“Toxic masculinity” is a trending topic that’s made it to the front page of the news too many times this year, and for good reason. Manhood in society has traditionally meant being stoic and straight-faced—emotions might as well not exist if you’re male.
Emotional intelligence is linked to a host of positive outcomes in life—improved mental health, greater success at work and school and possibly even higher IQ scores. EQ is the new IQ, and, in many ways, serves as a greater predictor of success. However, schools often fail to implement enough social and emotional learning programs to help students succeed.
We’re in the midst of a historical first. The first generation of children raised entirely on smartphones, the iGeneration, is facing a skyrocketing mental illness rate, and studies suggest that too much screen time is to blame. In fact, suicide in teenage girls is the highest that it’s been in over 40 years. What can we do to protect our children?
Emotional learning is a lifelong process that begins at birth and continues throughout your child’s entire life. It’s common knowledge these days that children with high EQ have better lifelong outcomes, from school to work and beyond. The benefits include increased life satisfaction, better relationships, and higher stability. Who doesn’t want that for their child?
After decades, social and emotional learning (SEL) is finally getting the attention it deserves from parents and teachers who recognize that a child’s emotional health is as important as his physical health. Unfortunately, getting SEL programs into school has proven difficult, as school boards and directors resist adding yet another program to underfunded schools.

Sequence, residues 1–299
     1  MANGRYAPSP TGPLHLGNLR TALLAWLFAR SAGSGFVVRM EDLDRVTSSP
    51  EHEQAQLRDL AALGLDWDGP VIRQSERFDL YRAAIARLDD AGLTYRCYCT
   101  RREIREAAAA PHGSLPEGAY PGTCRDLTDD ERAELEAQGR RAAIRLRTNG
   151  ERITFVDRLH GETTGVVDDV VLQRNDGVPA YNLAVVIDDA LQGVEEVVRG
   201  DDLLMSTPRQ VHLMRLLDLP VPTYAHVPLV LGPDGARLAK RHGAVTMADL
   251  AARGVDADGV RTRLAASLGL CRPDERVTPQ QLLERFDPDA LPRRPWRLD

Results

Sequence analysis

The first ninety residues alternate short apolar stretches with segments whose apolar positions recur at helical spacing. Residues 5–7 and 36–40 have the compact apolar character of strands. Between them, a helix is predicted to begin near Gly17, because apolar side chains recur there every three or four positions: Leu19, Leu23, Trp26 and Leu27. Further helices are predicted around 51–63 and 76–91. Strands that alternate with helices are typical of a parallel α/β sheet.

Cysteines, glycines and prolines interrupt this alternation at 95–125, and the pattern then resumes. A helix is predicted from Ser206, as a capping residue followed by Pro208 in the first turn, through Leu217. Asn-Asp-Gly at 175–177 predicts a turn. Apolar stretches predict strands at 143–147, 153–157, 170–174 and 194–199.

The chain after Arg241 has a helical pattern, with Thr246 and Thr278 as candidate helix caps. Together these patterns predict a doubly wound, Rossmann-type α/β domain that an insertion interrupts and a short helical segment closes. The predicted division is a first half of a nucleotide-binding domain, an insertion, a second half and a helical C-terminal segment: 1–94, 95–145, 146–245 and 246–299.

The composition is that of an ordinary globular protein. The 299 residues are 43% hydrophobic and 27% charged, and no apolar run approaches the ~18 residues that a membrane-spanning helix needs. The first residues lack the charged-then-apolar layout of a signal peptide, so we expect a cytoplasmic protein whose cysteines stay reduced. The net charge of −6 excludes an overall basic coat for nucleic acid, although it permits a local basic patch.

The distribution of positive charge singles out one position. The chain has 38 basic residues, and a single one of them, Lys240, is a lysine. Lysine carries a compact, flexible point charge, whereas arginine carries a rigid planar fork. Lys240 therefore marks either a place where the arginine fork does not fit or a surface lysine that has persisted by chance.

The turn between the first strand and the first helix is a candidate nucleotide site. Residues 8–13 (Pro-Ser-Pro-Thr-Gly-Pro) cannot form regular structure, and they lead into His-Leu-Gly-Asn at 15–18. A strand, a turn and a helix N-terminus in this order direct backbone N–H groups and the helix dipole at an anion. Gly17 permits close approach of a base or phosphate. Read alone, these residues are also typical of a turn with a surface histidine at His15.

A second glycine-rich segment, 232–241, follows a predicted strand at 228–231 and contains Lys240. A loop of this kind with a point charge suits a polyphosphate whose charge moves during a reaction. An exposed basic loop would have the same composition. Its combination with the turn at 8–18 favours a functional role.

Without the right coping mechanisms, anxiety can be crippling. The problem is, finding those coping mechanisms is a real challenge, because no two cases respond the same way. Plenty of patients bounce back and forth between SSRI treatment, cognitive-behavioral therapy, and lifestyle changes without finding quite the right balance.
Depression and anxiety are significant mental health concerns for children. According to the National Institute of Mental Health (NIMH), more than a quarter of teens (ages 13-18) suffer from anxiety disorders and almost 6 percent battle with a “severe form” of the disorder. The NIMH also reports that “in 2015, an estimated 3 million adolescents aged 12 to 17 in the United States had at least one major depressive episode in the past year.”
Emotional intelligence is recognizing one’s own emotions and their consequences, as well as understanding how to communicate and cope with the emotions and behaviors of others. It goes beyond mere empathy and teaches people to establish accountability by observing and critically analyzing their own actions.